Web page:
23 Nov 2020
CASE Reports

The Rule of Law and its Social Reception as Determinants of Economic Development. A Comparative Analysis of Poland and Germany

The rule of law, by securing civil and economic rights, directly contributes to social prosperity and is one of our societies’ greatest achievements. In the European Union (EU), the rule of law is enshrined in the Treaties of its founding and is recognised not just as a necessary condition of a liberal democratic society, but also as an important requirement for a stable, effective, and sustainable market economy. In fact, it was the stability and equality of opportunity provided by the rule of law that enabled the post-war Wirtschaftswunder in Germany and the post-Communist resuscitation of the economy in Poland.

But the rule of law is a living concept that is constantly evolving – both in its formal, de jure dimension, embodied in legislation, and its de facto dimension, or its reception by society. In Poland, in particular, according to the EU, the rule of law has been heavily challenged by government since 2015 and has evolved amid continued pressure exerted on the institutions which execute laws. More recently, the outbreak of the COVID-19 pandemic transformed the perception of the rule of law and its boundaries throughout the EU and beyond (Marzocchi, 2020).

Against this background, this study examines the rule of law as a determinant of economic development in Germany and Poland from both the de jure and de facto perspectives, in line with the following research questions:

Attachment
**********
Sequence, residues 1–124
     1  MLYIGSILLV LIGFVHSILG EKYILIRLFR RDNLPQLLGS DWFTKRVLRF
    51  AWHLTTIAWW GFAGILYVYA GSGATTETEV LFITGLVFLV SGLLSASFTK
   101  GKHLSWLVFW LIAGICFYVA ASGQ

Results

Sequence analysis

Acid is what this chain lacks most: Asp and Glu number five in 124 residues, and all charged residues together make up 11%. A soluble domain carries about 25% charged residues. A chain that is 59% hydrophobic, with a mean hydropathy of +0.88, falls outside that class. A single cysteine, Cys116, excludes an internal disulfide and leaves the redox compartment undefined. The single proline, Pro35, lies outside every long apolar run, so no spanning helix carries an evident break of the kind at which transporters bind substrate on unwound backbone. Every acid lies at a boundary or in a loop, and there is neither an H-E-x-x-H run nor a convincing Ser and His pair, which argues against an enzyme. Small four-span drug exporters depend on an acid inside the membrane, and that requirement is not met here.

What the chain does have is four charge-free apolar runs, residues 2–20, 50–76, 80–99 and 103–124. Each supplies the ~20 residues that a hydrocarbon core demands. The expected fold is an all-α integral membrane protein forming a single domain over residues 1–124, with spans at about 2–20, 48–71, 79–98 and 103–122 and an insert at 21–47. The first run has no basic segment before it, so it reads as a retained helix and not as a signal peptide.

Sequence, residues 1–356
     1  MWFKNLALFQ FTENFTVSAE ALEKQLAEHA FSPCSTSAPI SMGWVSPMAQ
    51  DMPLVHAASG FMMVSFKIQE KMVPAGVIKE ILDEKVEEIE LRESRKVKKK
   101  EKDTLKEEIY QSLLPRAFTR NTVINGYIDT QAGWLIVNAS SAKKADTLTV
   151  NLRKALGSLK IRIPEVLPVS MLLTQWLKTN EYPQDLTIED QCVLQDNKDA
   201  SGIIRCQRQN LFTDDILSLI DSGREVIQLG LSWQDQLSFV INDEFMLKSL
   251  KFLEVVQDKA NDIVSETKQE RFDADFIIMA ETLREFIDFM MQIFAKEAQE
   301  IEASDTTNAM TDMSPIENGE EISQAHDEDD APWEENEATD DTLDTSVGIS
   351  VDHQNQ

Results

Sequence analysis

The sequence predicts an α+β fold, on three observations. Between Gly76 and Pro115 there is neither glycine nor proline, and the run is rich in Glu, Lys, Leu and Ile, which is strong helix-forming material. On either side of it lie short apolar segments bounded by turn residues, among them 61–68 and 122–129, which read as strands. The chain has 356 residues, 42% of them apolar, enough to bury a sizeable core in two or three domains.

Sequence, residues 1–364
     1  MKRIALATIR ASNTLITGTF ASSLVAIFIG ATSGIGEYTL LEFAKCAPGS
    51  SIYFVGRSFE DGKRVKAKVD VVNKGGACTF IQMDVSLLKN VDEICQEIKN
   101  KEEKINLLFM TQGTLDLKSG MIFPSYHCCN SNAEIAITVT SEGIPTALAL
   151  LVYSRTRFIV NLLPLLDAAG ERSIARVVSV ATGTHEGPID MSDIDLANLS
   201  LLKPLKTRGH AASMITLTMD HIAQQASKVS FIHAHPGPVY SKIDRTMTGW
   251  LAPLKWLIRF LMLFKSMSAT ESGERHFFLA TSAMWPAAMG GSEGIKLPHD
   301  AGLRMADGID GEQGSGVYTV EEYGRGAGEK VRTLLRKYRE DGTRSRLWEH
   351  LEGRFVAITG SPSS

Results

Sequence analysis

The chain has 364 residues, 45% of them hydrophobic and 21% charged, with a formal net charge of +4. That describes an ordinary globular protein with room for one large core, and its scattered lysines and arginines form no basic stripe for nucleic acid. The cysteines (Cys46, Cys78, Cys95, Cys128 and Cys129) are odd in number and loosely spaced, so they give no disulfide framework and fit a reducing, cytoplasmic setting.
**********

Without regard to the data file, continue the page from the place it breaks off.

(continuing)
Research question 1: What formal institutions constitute the rule of law to the extent relevant to economic development in the countries under analysis – in other words, what is the state de jure of the rule of law?

Research question 2: What is the social reception of those institutions to the extent relevant to economic development – in other words, what is the state de facto of the rule of law?

Research question 3: How does the state de facto of the rule of law impact economic development in the countries under analysis?

The problem that we undertake to research is multifaceted and highly complex. We address the former challenge with a multidisciplinary approach. Taking rules, or norms, as the leading theme of the project and the common denominator of its respective parts, the study bridges two research fields, new institutional economics and sociology of law, contributing to both of them. We believe that by confronting legal norms with social norms – which are often overlooked by legislators – and by grounding our econometric analysis in solid sociological considerations – which are  usually disregarded or relegated to assumptions by economists – we will capture synergies that have so far been missing in academic literature.

Defining the rule of law. The rule of law is a subtle and evolving concept, and any attempt to define it would merit a separate study. In theoretical legal literature, a differentiation is usually drawn between the formal and the substantive approaches to the rule of law (e.g. Krygier, 2015; Waldron, 2016). In the formal approach, which is usually associated with the Anglo-Saxon conception, the rule of law consists in the rightful procedures – such as separation and balance of powers, timely and orderly publication of laws, and the functioning of an independent judiciary. In the substantive approach, more akin to the German Rechtsstaat, substantive elements such as rights and freedoms deemed inalienable – in the economic context, inter alia, property rights, economic freedom, and freedom from corruption – also become integral components of the rule of law.